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I Think We're Alone Now


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Product Details

  • Actors: Kelly McCormick Jeff Turner
  • Format: Multiple Formats, Color, NTSC
  • Language: English
  • Region: All Regions
  • Aspect Ratio: 1.33:1
  • Number of discs: 1
  • Rated: NR (Not Rated)
  • Studio: AWESOME AND MODEST A
  • DVD Release Date: August 24, 2010
  • Run Time: 64 minutes
  • Average Customer Review: 4.1 out of 5 stars  See all reviews (15 customer reviews)
  • ASIN: B003KWWDIC
  • Amazon Best Sellers Rank: #119,380 in Movies & TV (See Top 100 in Movies & TV)

Special Features

None.

Editorial Reviews

"I Think We're Alone Now" is a documentary that focuses on two individuals, Jeff and Kelly, who claim to be in love with the 80's pop singer Tiffany. Jeff Turner, a 52-year-old man from Santa Cruz, California has attended Tiffany concerts since 1988. Diagnosed with Asperger's syndrome, Jeff lives alone off of government checks and has never had a girlfriend. Jeff spends his days hanging out on the streets of Santa Cruz, striking up conversations with anyone who has a moment to spare about conspiracy theories, God and Tiffany. Kelly McCormick is a 35-year-old intersex sports fanatic from Denver, Colorado, who claims to have been friends with Tiffany as a teenager. She credits Tiffany as the shining star who has motivated her to do everything in her life. Through both humorous and heartbreakingly sensitive scenes, the film takes look at Jeff and Kelly's lives, revealing the source of their clinging obsessions.

Customer Reviews

These 2 men are clearly mentally disabled with a side of delusional tendancies.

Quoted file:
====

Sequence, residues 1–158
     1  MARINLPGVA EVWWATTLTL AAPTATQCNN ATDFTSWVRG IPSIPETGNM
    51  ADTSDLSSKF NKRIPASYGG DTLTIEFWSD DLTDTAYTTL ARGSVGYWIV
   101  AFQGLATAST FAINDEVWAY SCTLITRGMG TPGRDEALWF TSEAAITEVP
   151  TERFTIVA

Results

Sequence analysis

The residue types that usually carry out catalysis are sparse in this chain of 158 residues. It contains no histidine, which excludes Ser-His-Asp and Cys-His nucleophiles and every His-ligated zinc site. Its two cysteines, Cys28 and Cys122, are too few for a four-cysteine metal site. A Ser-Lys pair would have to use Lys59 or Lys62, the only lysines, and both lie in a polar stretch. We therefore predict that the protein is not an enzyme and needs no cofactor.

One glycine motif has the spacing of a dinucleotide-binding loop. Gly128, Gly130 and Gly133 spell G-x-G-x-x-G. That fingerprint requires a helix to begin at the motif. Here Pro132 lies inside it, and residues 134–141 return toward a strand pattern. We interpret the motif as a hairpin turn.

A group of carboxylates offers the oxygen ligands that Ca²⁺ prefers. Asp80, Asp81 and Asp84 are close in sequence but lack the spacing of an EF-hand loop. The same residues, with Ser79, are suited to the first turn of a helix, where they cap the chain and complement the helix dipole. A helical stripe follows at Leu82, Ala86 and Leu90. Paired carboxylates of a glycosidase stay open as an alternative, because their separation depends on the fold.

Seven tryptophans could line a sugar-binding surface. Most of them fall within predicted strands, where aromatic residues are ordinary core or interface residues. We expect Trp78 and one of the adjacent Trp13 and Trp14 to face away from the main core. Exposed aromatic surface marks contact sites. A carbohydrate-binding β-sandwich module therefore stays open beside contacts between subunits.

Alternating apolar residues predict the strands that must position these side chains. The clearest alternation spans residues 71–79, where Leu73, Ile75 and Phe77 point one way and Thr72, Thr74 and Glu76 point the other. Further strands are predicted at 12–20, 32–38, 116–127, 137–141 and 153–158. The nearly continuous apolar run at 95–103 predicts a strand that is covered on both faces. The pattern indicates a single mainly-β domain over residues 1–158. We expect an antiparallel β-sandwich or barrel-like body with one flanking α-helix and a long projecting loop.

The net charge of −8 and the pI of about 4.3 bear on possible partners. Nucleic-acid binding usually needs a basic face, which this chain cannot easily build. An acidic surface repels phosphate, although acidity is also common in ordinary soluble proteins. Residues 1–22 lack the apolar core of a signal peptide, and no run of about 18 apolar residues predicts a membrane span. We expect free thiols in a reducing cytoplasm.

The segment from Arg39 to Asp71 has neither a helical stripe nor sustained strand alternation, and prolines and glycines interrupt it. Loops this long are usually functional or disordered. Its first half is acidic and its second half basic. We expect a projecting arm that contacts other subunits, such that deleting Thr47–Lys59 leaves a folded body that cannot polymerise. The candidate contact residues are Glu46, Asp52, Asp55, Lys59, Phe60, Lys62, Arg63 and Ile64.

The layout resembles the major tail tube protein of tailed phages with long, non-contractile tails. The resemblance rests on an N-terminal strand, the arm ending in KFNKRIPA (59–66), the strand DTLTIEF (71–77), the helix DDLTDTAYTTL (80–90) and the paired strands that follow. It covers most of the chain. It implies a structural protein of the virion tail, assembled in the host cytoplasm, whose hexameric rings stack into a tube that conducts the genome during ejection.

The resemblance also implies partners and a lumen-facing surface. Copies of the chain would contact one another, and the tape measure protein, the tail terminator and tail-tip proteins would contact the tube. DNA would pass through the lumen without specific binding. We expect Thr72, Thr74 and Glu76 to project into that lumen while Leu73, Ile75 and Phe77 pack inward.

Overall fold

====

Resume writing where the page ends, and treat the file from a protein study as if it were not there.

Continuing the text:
Melissa Davies
This documentary has a good premise; it has two good character studies; however, it doesn't really have a flow and it doesn't really go anywhere.
Reprise
One disappointment is the quality of the photography: it's like the whole thing was filmed on a iPhone or something.
Caraculiambro

Most Helpful Customer Reviews

8 of 8 people found the following review helpful By SKOLVK on October 27, 2010
Format: DVD
"I Think We're Alone Now", a documentary following the strange misadventures of two obsessed Tiffany fans, is an entertaining doc but fails to provide anything of real substance. Jeff Turner and Kelley McCormack are two misfits who's only joy in life is going to Tiffany concerts and plastering their walls with Tiffany pictures. For those of who don't know Tiffany, she was a pop singer in the 80's who was fond of singing her chart topping hit "I think we're alone now" in shopping malls across the U.S! Jeff has aspergers and thinks he can communicate with Tiffany via a device that looks like the time machine from "Napoleon Dynamite" and Kelley is a transsexual marathon runner. While watching the documentary, I definitely got a "Look at the freaks!" type chuckle but I quickly realized that they were just a couple of tragic and lonely people. With that aside, there are a few moments that you can't help but laugh at. After one Tiffany show the director decided to interview a random Tiffany fan. When asked why she goes to Tiffany shows, the fan simply states that Tiffany reminds her of the simpler, happier times of her youth. Then! out of nowhere, Jeff comes in and starts rattling off stuff about how he and Tiffany are the best of friends and how she fills his soul with light.. The look on the unsuspecting fan's face is absolutely priceless.In another scene, Jeff and Kelley go to a Tiffany concert and are hanging out in their hotel room together where they proceed to try and "out stalker" each other. Their conversation is pretty hilarious. So! while I enjoyed "I think We're Alone Now" much in the way someone would enjoy watching a train wreck, I felt that it didn't really have a point other than being a freak show. It can also be seen that there are a lot of sad lonely people out there that don't have any hope for happiness other than a delusional fantasy. Heartbreaking or hilarious, maybe both, I guess "I Think We're Alone Now" is all in how you look at it.
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5 of 5 people found the following review helpful By Johnny Pomatto on September 2, 2010
Format: DVD